It used to be that your phone was actually wired into a wall. There weren’t any wireless devices the size of your palm, or smaller, that could fit in your back pocket. Many folks have now dumped their old landlines for cellphones, but that’s far from universal — especially for miles and miles of rural Texas — where the old-fashioned landline is a lifeline; people without wireless service, or in the midst of a disaster, still use what we think of as the old dinosaur phone.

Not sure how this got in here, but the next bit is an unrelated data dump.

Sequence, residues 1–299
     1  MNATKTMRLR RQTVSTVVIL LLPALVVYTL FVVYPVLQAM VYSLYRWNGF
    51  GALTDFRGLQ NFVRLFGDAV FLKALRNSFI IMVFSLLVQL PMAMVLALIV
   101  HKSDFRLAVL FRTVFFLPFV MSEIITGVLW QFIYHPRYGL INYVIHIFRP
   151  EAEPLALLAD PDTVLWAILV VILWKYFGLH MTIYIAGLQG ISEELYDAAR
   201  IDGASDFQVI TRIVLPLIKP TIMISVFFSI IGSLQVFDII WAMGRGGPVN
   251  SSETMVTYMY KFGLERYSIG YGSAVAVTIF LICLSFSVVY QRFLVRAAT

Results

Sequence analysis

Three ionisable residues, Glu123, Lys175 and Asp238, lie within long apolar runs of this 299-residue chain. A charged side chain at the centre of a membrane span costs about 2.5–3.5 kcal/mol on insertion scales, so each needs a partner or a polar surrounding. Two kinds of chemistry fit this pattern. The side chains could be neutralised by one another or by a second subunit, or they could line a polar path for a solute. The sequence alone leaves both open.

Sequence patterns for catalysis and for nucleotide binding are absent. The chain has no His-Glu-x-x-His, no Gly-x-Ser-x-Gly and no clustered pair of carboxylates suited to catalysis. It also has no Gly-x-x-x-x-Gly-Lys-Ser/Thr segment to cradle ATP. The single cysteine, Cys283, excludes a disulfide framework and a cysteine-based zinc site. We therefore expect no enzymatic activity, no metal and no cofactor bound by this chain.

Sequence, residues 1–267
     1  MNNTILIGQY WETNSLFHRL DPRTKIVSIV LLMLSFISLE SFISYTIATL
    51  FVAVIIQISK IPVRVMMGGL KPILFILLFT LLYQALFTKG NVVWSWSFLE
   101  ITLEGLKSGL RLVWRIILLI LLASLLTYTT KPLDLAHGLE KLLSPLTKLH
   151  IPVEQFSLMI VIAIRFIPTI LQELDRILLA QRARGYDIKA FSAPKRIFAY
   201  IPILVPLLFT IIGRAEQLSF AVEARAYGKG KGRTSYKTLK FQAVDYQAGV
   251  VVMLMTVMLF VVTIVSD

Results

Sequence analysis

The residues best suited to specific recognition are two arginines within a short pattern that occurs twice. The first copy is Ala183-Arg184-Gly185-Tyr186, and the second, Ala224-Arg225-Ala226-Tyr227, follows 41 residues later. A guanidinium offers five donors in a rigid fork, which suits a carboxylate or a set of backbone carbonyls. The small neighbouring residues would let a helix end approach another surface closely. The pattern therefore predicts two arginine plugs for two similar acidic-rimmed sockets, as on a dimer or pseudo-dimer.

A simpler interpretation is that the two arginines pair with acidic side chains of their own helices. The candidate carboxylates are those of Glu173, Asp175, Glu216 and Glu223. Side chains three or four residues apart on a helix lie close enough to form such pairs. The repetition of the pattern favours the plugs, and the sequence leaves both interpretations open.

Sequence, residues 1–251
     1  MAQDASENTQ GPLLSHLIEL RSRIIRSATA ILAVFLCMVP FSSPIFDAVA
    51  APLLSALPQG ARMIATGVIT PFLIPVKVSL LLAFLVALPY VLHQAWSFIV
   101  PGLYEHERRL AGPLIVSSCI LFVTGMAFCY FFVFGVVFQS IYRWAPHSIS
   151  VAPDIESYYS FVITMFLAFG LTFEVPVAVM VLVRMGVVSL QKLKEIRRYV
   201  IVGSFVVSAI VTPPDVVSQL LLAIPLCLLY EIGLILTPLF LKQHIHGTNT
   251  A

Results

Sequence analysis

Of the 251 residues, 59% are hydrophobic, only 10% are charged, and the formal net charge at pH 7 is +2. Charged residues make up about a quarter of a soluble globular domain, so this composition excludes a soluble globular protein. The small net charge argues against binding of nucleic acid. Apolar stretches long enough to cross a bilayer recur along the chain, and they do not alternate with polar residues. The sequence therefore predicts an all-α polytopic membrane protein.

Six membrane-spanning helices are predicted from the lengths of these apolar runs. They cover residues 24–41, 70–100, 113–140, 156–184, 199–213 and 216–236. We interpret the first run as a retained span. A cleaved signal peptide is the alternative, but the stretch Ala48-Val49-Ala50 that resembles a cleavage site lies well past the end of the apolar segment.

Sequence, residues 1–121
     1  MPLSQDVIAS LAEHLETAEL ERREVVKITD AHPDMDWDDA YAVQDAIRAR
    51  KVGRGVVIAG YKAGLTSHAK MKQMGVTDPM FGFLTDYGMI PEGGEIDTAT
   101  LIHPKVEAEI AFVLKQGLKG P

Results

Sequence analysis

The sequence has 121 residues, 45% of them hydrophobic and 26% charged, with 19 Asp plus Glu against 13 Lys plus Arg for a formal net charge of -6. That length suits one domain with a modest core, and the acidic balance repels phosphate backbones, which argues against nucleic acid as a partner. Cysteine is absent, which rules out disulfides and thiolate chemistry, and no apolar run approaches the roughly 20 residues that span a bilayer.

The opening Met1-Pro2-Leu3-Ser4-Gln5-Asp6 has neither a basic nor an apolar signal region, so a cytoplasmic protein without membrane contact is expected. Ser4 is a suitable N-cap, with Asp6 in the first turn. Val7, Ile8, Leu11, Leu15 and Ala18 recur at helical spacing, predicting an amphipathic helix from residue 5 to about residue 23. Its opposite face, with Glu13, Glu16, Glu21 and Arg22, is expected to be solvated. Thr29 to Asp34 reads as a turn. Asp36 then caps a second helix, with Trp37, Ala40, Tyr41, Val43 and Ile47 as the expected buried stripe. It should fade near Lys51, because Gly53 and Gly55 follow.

Thursday the Federal Communications Commission is set to vote on a plan which would determine whether phone companies have to notify their customers three months in advance disconnecting copper wire service from customers. For businesses, that would be six months. So is the FCC giving up on landlines? Or is this really about phone companies wanting to get out of a business that’s lost its profitability?
Jon Brodkin is a reporter with Ars Technica, a technology news site. He joins the Standard to answer our questions.
Listen to the audio above.